No words can describe it.

We use words to express our experience in written form. There are many words describing the beauty of many things on land but not underwater. Every time I descend into the depths, I have this feeling rushing through me that I don’t know how to describe in any spoken language. The water embraces me as I go down deeper and deeper. The rush I get as my body tries to adjust to the changing in pressure and temperature. I see life moving around me. Gravity loosen its grasp. I float and sink as I breathe in and out of my lung to maintain buoyancy. I see things I have never seen before so close. I’m now part of a different world. All these sensations silences my noisy mind and the world above me. I’m at peace. My scattered mind is now focused on the present. I leave my worries on the surface. For a moment, I’m free.

Ocean never disappoints, only people do.

The ocean never promised you anything and that’s the beauty of it. You don’t go diving expecting to see a shark or a turtle. If you’re lucky, sometimes you get a spectacle beyond your wildest imagination. To me, the fact that there’s no other way than to go diving to experience it makes it the most precious memory. It teaches you optimism. You may or may not get what you want out of that dive, but that doesn’t make it a bad idea. That’s not a reason not to go diving. I have never regretted deciding to go diving in my life.

Love is sweet, bitter, and beautiful all at once.

My time on the island also gives me an opportunity to spend a lot of time together with Penny. She was not into diving at first but after I managed to convince her, she gave it a try. With her being certified, I get to tick off an item on my bucket list. It’s my dream to be holding my loved one’s hands while diving together. I will never forget that. Someone told me you never really know someone until you have spent more than a month traveling with them. I hardly know myself let alone someone else. But I got to see a different side of her that let me know her better. It’s not always rosy, of course. There are some good times and bad. And I’m grateful for every single moment we have together. Sadly she has to go back to work in Bangkok. Before I know it, I miss her dearly. Because we’re not together it become a challenge to maintain the bond we made. But I never regret dating her. To be enough for someone, in the world of greed, is everything.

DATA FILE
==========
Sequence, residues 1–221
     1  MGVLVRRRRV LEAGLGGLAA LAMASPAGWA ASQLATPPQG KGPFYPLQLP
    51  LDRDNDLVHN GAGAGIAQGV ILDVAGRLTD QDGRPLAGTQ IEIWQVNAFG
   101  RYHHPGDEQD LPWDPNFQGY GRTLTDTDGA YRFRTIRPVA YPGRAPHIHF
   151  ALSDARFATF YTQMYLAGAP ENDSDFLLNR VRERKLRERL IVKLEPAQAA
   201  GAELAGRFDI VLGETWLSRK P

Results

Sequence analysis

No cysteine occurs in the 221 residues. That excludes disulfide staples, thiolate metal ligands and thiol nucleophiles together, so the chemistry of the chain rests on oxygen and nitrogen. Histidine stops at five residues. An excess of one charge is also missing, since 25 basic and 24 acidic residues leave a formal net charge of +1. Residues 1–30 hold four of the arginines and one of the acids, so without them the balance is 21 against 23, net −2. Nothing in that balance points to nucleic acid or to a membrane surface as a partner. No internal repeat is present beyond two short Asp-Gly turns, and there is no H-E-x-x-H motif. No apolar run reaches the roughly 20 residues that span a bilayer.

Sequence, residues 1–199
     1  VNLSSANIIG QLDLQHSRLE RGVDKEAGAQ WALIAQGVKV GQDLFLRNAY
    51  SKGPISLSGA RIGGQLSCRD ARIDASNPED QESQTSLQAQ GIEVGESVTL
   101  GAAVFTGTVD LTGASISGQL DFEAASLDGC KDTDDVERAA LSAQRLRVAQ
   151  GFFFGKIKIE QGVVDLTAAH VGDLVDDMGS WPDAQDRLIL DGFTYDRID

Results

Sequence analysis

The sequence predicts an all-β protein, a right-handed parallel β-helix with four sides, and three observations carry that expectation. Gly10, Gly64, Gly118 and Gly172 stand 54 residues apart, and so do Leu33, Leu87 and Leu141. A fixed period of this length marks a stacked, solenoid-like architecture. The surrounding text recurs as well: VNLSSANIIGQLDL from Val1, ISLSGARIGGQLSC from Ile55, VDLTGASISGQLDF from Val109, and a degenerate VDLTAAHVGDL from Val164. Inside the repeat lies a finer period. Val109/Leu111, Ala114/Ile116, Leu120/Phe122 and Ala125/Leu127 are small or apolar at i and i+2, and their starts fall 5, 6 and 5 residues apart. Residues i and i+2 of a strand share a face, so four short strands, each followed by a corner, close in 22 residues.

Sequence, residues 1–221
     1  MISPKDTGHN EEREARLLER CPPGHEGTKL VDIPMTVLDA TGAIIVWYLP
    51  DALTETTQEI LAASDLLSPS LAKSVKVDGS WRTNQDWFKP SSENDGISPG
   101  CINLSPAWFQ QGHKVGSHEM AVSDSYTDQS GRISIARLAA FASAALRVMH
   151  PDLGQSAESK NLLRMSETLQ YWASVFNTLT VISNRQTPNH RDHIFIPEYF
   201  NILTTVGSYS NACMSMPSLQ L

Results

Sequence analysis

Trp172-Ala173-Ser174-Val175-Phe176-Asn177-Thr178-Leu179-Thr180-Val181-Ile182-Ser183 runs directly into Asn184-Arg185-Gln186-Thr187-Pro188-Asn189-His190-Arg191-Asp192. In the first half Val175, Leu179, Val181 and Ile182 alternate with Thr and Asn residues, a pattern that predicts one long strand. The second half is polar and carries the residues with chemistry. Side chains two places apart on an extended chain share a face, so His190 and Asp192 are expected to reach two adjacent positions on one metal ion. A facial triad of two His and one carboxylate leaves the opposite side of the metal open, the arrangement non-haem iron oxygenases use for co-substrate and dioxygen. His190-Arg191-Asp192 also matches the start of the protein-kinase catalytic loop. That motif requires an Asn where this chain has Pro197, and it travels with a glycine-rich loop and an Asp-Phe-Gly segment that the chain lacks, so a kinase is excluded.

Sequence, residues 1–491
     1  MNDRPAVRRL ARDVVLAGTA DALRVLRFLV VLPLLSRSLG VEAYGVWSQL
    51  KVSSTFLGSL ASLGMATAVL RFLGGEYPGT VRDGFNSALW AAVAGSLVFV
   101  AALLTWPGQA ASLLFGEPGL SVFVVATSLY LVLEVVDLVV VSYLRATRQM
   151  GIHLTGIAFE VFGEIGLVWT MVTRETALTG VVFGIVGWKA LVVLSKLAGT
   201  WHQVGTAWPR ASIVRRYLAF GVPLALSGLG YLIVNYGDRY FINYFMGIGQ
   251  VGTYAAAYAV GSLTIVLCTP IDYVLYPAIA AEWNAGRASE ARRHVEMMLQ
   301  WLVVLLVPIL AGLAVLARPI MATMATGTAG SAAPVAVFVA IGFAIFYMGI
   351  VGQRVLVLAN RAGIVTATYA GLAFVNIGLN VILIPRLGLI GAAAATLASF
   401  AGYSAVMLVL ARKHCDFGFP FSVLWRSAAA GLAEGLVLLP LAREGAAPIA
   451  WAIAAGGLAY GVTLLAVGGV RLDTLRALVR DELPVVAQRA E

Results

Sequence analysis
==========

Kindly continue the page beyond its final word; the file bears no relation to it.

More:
Final note

I didn’t think it’d be possible to be making friends at my age. But apparently, in a certain corner of the Earth, people who share the passion of diving can still find each other. Looking back, the only regret I have is not deciding to get into diving sooner. I’d like to write more about my observations of the diving industry. This is how the unregulated, free market fails spectacularly. This is also the same reason why the professional diving culture is so toxic. But that will be a story for another time. I want to end the essay by imploring you to go out and explore the world of diving. I’m certain you’ll be surprised how rich the experience is.

This post is licensed under CC BY 4.0 by the author.